- Married filing jointly or qualifying widower, fully deductible up to $104,000, partially deductible to $124,000, then no deduction permitted.
- Married filing separately, partially deductible up to $10,000, then no deduction permitted.
The second set of income limits announced for 2020 is also based on MAGI. It applies if YOU are not covered by an employer plan, but your spouse is:
- Married filing jointly, fully deductible up to $196,000, phased out up to $206,000, then no deduction permitted.
- Married filing separately, partial deduction up to $10,000, then no deduction permitted.
IMPORTANT: Even if you exceed the income limits, you can still make a non-deductible traditional IRA contribution. It just won’t be tax-deductible.
Tax-deferral of Investment Earnings
Hands down, this is the single biggest benefit of an IRA.
Obviously, it’s better if your contributions are also tax-deductible. But even if they aren’t, the tax deferral on investment earnings makes contributing to a traditional IRA worth doing. You get the benefit of accumulating investment income, without having to worry about some of it being reduced by income taxes each year.
That’s no small advantage. If you’re in the 25% tax bracket, a 10% rate of return on investment can be reduced to effectively 7.5% if you invest through a taxable account. A traditional IRA gives you the benefit of the full 10% annual return.
How much of a difference can that make?
Let’s take a simple example. Continuing with the numbers from above, if you invest $10,000 in a taxable account with a net annual return of 7.5%, after 30 years your investment will grow to $87,549.
But if you invest $10,000 in a traditional IRA with the net annual return of 10%, after 30 years your investment will grow to $174,491.
From this simple example, you can see how having the benefit of tax deferral on your investment earnings virtually doubles the value of your account after 30 years. You haven’t done anything extra or special, either. The entire benefit of the increased account value is due solely to tax deferral.
This is why it’s worth contributing to a traditional IRA, even if your contribution isn’t tax-deductible in the year that you make it.
Traditional IRA Investment Options
A traditional IRA is simultaneously the simplest retirement plan to have, but usually provides the largest number of investment options. They’re typically held in self-directed accounts, where you choose not only the trustee who holds the account, but also the investments that you make in it.
You’re also free to manage the account. You can buy investments for the long-term, or be an active trader. It’s completely up to you.
A traditional IRA can be held at just about any financial institution that offers them, and most do. Examples include:
- Investment brokers
- Mutual fund companies
- Professionally managed accounts
- Peer-to-peer lending platforms
If you choose an investment broker, or even a professionally managed account, you’ll generally have almost unlimited investment options.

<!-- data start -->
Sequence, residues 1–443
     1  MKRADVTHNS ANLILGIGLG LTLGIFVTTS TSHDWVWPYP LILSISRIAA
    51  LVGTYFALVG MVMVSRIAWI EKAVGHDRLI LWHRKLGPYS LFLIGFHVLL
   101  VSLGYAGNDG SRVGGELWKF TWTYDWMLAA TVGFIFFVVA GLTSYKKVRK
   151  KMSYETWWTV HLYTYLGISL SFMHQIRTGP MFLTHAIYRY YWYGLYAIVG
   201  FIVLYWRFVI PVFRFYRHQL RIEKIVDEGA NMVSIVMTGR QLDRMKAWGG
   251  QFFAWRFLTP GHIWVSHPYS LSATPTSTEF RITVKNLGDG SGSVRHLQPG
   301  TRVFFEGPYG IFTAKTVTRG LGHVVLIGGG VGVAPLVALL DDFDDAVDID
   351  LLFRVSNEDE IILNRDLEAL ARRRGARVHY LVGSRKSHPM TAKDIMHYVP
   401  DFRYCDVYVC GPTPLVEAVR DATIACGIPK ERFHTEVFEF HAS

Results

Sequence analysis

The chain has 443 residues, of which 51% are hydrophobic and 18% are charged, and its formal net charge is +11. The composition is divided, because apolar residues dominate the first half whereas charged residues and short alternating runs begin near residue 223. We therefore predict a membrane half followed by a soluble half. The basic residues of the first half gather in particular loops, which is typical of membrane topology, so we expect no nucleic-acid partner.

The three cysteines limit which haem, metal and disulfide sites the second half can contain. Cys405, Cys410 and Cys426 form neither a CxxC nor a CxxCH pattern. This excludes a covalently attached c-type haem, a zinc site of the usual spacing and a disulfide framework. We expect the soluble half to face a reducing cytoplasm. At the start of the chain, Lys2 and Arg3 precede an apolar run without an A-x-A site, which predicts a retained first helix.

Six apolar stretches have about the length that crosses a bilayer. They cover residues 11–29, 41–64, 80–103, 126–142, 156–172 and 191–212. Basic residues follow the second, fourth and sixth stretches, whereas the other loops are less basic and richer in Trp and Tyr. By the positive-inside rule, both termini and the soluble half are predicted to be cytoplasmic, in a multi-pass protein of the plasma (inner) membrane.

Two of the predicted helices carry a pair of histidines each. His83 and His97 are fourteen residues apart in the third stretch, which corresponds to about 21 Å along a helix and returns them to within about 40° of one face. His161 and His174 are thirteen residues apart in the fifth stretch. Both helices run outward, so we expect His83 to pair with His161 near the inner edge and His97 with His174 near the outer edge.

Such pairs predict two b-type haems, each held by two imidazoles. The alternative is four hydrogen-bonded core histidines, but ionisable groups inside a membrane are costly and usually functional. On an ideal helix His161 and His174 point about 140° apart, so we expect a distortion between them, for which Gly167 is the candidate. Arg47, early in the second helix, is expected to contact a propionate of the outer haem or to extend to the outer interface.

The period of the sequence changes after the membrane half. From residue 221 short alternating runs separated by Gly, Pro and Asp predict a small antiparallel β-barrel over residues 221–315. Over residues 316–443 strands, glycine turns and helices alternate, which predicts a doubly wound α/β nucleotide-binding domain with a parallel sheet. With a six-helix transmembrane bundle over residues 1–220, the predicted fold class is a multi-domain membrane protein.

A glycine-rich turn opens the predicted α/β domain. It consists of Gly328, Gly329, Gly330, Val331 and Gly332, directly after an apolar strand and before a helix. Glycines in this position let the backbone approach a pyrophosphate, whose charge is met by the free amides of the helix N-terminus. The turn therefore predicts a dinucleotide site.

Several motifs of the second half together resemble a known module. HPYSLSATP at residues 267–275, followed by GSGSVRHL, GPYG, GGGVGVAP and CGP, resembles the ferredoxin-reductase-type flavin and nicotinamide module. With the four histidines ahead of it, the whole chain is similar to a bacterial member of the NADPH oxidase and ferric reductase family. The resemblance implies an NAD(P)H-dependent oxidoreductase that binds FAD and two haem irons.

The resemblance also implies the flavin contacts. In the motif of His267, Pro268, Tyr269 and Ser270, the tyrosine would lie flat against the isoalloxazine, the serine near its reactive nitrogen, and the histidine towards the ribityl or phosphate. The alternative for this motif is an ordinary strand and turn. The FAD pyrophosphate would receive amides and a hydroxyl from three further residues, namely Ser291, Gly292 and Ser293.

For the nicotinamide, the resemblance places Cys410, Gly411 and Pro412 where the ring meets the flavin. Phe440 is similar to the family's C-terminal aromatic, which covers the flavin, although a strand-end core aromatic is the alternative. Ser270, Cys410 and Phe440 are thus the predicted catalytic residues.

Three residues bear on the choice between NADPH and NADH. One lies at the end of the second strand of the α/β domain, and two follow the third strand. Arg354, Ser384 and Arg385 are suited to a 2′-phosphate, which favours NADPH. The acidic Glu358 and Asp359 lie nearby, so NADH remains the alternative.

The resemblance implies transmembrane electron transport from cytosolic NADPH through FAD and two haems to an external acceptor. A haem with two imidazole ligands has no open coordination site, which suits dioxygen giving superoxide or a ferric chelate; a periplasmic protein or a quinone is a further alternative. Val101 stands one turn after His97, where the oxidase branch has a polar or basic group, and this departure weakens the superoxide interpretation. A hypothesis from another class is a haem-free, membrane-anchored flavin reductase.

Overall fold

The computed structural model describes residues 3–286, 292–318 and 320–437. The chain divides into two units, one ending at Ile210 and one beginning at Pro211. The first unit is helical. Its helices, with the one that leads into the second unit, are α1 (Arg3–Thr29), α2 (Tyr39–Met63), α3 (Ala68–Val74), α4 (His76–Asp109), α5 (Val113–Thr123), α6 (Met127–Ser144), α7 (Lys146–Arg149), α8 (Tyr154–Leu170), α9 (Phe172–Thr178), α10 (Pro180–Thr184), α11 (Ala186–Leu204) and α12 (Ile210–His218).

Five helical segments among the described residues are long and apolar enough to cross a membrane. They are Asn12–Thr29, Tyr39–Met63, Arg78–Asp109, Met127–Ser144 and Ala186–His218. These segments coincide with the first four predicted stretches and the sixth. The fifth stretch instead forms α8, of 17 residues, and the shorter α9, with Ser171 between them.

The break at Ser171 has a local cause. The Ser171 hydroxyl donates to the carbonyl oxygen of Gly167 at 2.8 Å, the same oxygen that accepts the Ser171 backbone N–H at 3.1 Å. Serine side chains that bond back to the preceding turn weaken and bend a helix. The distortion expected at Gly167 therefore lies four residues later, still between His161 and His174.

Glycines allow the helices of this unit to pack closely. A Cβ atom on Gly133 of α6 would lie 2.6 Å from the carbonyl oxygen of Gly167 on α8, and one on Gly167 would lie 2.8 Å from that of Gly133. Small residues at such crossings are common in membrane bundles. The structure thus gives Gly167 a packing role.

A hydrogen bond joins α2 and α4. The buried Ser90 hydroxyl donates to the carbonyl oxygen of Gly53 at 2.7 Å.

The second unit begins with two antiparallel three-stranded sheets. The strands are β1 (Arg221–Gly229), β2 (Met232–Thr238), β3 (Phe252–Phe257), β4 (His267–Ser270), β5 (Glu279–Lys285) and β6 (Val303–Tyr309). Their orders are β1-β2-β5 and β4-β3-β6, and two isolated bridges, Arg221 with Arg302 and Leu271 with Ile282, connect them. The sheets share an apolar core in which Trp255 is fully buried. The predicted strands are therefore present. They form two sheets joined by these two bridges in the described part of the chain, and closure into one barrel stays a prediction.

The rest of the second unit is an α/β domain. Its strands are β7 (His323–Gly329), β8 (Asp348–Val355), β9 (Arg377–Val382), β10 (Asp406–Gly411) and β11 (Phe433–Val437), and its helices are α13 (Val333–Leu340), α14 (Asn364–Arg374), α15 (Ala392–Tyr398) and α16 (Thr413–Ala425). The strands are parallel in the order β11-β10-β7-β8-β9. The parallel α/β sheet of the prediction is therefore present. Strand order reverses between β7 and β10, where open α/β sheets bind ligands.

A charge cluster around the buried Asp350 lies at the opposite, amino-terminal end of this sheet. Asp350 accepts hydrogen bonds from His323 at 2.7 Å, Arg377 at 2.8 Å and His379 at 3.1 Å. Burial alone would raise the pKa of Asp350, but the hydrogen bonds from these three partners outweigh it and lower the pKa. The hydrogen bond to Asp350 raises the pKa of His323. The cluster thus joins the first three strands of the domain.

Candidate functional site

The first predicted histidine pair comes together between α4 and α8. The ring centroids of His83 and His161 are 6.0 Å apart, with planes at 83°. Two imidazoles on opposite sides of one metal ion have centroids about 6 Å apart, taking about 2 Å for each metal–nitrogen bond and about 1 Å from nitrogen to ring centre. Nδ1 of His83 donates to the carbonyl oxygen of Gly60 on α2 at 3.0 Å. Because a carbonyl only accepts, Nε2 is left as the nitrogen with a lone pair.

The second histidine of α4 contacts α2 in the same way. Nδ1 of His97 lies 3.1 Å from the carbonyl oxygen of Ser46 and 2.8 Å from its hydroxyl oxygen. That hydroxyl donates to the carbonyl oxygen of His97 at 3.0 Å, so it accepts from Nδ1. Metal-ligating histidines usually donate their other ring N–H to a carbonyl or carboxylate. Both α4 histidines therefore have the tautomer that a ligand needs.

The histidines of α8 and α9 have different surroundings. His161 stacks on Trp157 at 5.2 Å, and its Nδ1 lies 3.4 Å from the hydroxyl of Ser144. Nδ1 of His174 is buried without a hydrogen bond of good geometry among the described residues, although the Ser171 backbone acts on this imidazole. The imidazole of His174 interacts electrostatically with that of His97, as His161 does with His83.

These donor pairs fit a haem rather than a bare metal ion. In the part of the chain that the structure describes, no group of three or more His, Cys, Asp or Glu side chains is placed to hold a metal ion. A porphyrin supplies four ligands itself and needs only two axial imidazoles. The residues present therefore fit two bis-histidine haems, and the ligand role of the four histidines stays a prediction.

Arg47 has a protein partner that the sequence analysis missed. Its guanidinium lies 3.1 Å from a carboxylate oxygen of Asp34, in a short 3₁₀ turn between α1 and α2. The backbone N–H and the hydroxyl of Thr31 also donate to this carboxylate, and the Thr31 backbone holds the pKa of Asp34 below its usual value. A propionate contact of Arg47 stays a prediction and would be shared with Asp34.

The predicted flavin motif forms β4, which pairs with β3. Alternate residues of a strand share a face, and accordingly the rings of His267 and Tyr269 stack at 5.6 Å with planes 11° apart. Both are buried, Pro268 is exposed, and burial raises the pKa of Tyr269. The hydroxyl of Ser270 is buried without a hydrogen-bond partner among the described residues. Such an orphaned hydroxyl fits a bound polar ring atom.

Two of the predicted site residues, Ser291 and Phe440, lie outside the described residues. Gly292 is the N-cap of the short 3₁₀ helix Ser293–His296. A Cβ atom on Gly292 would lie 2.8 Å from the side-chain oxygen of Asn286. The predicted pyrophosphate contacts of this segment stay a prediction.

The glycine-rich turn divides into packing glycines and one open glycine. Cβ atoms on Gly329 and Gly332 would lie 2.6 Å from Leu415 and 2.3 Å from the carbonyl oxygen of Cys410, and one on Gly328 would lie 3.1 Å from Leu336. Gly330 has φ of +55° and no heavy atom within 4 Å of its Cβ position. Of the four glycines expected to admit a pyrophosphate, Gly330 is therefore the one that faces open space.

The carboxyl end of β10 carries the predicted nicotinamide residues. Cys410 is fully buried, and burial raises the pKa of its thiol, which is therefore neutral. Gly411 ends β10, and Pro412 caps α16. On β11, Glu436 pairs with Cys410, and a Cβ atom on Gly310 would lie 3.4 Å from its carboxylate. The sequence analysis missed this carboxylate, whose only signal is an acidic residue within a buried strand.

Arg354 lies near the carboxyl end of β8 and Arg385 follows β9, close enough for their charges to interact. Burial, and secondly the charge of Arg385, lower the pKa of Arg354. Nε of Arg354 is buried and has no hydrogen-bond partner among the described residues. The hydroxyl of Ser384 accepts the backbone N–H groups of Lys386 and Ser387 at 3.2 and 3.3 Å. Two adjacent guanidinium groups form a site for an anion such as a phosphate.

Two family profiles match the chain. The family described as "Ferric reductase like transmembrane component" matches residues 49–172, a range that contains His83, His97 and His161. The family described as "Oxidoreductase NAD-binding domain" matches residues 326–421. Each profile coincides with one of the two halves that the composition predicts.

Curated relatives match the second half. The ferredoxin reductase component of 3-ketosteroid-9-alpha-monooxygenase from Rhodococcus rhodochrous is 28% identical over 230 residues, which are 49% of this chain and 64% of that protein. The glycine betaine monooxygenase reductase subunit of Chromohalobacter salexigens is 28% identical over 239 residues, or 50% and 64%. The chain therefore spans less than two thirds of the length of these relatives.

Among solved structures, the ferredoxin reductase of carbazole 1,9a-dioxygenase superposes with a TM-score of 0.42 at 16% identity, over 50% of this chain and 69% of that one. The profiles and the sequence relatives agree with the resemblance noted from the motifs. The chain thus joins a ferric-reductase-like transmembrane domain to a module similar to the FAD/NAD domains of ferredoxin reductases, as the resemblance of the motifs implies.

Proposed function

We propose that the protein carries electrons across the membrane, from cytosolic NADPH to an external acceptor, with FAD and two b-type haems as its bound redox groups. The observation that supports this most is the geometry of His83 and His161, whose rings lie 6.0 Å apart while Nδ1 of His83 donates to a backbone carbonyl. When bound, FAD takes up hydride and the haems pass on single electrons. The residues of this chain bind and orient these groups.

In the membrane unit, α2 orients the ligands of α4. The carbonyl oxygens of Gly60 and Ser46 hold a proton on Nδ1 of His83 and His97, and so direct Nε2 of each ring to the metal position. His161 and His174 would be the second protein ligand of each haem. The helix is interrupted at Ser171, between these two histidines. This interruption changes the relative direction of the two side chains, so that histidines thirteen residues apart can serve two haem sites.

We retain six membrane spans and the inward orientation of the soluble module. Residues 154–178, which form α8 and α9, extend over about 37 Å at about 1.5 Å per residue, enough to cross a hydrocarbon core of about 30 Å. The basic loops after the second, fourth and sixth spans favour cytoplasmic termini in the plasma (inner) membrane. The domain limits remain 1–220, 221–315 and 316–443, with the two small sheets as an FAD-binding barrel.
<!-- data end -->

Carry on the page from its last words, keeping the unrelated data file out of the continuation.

You can choose to invest in stocks, bonds, mutual funds, exchange traded funds (ETFs), futures and options, commodities, government securities and real estate investment trusts (REITs).
Other investment platforms will have a more limited selection. But you’ll choose those platform specifically because you’re interested in the options they offer.
The IRS has a very short list of prohibited IRA investments. Those include:
- Metals – with exceptions for certain kinds of bullion
- Coins – (but there are exceptions for certain coins)
- Alcoholic beverages
- Certain other tangible personal property
Basically, any investments that are not included on the list above are potential options for your traditional IRA.
Best Places to Open (or Rollover) a Traditional IRA – Our Recommendations
Below are six IRA trustees that we highly recommend for your IRA account. We believe them to be the best in their fields – diversified investment brokers, robo-advisors, and peer-to-peer lending.
Any of the six are excellent platforms to either open traditional IRA, or to do a rollover of another retirement plan into an IRA. There’s no special order, it all depends on your own preference.
Taxability of IRA Withdrawals at Retirement
When people invest in retirement plans, including traditional IRAs, they sometimes confuse tax-free and tax-deferred. Except for Roth-type plans, virtually every other tax-sheltered retirement plan is tax-deferred.
That includes traditional IRAs.
Tax-deferred means that taxes will be paid at some point during the process. Tax deferral takes place primarily during the accumulation phase. Your contributions are (usually) tax-deductible, and the investment income accumulates on a tax-deferred basis.
All of that tax deductibility and deferral comes due when you reach retirement, and begin taking withdrawals. We can sum it up by saying this: tax-deferred going in, taxable going out.
And so it is with traditional IRAs. You get the tax benefits prior to retirement. You’re eligible to begin making withdrawals from your account beginning at age 59 ½. As you take withdrawals, they’re added to your taxable income, and taxed at whatever your marginal income tax rate is at the time.
Under a perfect scenario, you’re getting the benefit tax deferral at a higher tax rate than what you’ll be paying on the withdrawals in retirement. For example, during your working years, you may be getting the benefit of tax deferral with a 25% tax bracket. In retirement, you may be making withdrawals at a 10% tax rate.
Meanwhile, any funds remaining in your IRA continue to accumulate investment earnings on a tax-deferred basis.
Traditional IRA Early Withdrawal Rules
I just said that you’re eligible to begin making withdrawals from a traditional IRA beginning at age 59 ½. You can take withdrawals sooner, but they’re considered early withdrawals.